Udall: House Refusal to Support Watershed Relief Stalls Help for Communities Burned by 2012 Wildfires
Mark Udall said the U.S. House of Representatives dismissed Colorado’s needs and ruined the West’s chances of immediate wildfire relief again this week when lawmakers there failed to include Emergency Watershed Protection Program funding in disaster-relief legislation. This neglect is particularly disappointing after the U.S. Senate passed legislation last year to provide robust support for Colorado's fire-damaged communities.
"I led the collaborative effort in the U.S. Senate late last year to help Colorado communities whose rivers ran black and drinking water tasted of ash. Colorado needed help and we delivered. But the House's rejection of this wildfire relief is unbelievable," Udall said. "Colorado and the West are still reeling from last summer's devastating and record-breaking wildfires, but the worst part is that entire communities are now vulnerable to floods and other long-term effects of the 2012 fires. The long-term costs and damages will make this now-rejected relief funding seem like mere peanuts.
"No one questions that we need to help the hurricane victims in the Northeast, but wildfire-relief is not 'pork.' Colorado's water supports tens of millions of people in Colorado and downstream in other states. I refuse to abandon our obligations to the wildfire victims, and I will keep pushing for this absolutely critical funding at every opportunity I can. I also plan to remind the American people that the dysfunction of the House of Representatives has not only delayed emergency funding for disaster-stricken areas in the Northeast, but it also has put Coloradans in danger. That is absolutely irresponsible."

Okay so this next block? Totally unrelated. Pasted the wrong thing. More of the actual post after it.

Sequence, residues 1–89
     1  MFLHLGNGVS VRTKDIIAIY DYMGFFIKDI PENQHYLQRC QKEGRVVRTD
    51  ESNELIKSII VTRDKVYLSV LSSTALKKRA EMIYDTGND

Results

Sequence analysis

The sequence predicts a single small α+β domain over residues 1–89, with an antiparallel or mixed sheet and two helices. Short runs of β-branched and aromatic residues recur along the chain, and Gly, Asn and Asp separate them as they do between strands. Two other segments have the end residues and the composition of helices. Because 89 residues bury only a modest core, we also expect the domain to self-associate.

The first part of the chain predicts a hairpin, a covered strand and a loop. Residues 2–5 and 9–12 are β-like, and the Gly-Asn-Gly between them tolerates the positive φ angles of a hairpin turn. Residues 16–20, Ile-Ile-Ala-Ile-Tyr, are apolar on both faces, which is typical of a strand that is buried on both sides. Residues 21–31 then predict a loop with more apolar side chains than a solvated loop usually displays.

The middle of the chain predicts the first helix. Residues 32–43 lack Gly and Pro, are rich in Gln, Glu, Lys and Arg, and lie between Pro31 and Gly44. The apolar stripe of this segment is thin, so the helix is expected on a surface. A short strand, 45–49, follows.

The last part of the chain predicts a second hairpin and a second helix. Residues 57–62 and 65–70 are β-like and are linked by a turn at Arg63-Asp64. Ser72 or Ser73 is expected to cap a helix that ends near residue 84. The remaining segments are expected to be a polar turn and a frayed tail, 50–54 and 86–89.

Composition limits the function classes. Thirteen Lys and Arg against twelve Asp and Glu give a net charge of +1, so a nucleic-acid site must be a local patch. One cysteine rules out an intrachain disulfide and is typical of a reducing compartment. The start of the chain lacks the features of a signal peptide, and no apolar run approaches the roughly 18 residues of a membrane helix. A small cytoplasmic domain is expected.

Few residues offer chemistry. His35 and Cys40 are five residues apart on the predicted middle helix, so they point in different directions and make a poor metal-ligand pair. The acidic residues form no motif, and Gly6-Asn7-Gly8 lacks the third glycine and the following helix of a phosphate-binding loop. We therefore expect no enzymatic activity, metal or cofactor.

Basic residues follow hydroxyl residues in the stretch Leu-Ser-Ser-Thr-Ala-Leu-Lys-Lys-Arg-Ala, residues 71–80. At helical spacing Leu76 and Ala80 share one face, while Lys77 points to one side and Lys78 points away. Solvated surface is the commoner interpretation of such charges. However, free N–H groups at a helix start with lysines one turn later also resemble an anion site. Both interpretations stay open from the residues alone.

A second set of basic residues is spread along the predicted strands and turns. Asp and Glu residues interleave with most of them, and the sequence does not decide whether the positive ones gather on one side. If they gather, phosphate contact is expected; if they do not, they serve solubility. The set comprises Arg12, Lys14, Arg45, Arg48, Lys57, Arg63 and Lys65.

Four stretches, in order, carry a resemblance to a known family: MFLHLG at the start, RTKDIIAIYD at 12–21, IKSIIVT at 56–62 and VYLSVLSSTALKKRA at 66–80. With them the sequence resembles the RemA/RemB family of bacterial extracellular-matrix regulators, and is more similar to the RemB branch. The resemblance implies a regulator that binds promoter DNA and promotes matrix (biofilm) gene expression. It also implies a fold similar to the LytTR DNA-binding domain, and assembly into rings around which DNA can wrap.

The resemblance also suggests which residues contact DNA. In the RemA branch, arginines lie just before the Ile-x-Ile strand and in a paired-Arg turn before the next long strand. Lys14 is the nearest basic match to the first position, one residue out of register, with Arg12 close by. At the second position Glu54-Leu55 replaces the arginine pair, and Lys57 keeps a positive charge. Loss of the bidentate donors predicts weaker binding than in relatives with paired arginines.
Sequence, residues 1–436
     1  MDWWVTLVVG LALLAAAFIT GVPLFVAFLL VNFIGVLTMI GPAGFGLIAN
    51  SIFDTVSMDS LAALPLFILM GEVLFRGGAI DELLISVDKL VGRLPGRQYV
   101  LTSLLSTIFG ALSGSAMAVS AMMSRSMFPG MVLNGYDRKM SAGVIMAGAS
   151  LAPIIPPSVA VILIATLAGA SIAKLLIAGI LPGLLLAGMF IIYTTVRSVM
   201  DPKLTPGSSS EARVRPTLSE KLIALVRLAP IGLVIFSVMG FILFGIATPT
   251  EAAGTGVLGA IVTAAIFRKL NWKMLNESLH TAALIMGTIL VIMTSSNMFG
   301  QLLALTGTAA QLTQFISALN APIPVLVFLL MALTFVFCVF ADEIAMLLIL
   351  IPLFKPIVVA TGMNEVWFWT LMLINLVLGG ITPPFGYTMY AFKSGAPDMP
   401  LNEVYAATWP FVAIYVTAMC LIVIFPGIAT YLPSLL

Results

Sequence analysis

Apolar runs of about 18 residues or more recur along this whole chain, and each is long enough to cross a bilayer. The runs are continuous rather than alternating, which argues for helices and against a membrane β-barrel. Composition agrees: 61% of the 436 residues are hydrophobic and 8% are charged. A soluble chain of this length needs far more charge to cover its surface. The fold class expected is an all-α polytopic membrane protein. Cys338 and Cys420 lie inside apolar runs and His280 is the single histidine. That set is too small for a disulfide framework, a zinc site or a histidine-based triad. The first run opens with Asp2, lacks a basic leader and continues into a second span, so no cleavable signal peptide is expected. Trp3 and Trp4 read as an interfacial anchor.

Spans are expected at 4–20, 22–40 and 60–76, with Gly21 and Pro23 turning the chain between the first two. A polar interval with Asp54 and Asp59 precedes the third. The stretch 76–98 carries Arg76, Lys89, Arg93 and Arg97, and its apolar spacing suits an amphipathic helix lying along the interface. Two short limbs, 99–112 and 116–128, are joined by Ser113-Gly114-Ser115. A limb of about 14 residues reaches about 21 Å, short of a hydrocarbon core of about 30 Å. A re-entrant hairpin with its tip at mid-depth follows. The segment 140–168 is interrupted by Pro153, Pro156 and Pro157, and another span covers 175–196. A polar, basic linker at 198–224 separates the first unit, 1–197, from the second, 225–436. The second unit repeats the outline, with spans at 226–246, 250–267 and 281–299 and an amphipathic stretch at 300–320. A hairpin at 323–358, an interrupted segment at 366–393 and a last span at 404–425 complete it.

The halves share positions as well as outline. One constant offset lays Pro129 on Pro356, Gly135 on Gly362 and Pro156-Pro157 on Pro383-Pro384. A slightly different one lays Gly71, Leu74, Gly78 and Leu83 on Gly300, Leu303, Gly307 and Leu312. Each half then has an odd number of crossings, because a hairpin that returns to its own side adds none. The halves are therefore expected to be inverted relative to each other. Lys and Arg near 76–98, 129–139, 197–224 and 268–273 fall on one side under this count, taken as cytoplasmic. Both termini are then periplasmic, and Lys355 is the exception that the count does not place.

Udall thanked members of the Colorado delegation for trying, but said the House's rejection of wildfire relief likely will mean more delays and prolonged issues with drinking water supplies for the residents of El Paso, Larimer and Weld counties.
Udall has been a strong advocate of ensuring that Colorado and the nation are appropriately equipped to confront the threat of wildfire — before, during and after. Earlier this year, Udall led the charge to expedite the U.S. Forest Service's acquisition of seven next-generation air tankers. Udall also has been the leading voice for studying past fires to improve federal efforts to fight and mitigate wildfires.
Udall recently worked with Sen. Jon Tester (D-Mont.) to offer a separate amendment to the Supplemental Appropriation for Disaster Assistance to fully fund the U.S. Forest Service’s Wildland Fire Management Fund.
Last month, Udall and Sen. Michael Bennet (D-Colo.) introduced legislation to boost resources for the Emergency Watershed Protection Program. And last month, Udall joined with Bennet and Representatives Jared Polis, Mike Coffman and Cory Gardner to urge the president and Appropriations Committee leaders to include the EWP Program in the Hurricane Sandy disaster supplemental.
Udall and Bennet also worked last year to introduce an amendment to the U.S. House of Representatives' proposal to keep the government running for the next six months, commonly referred to as the Continuing Resolution, to secure emergency funding for the EWP Program.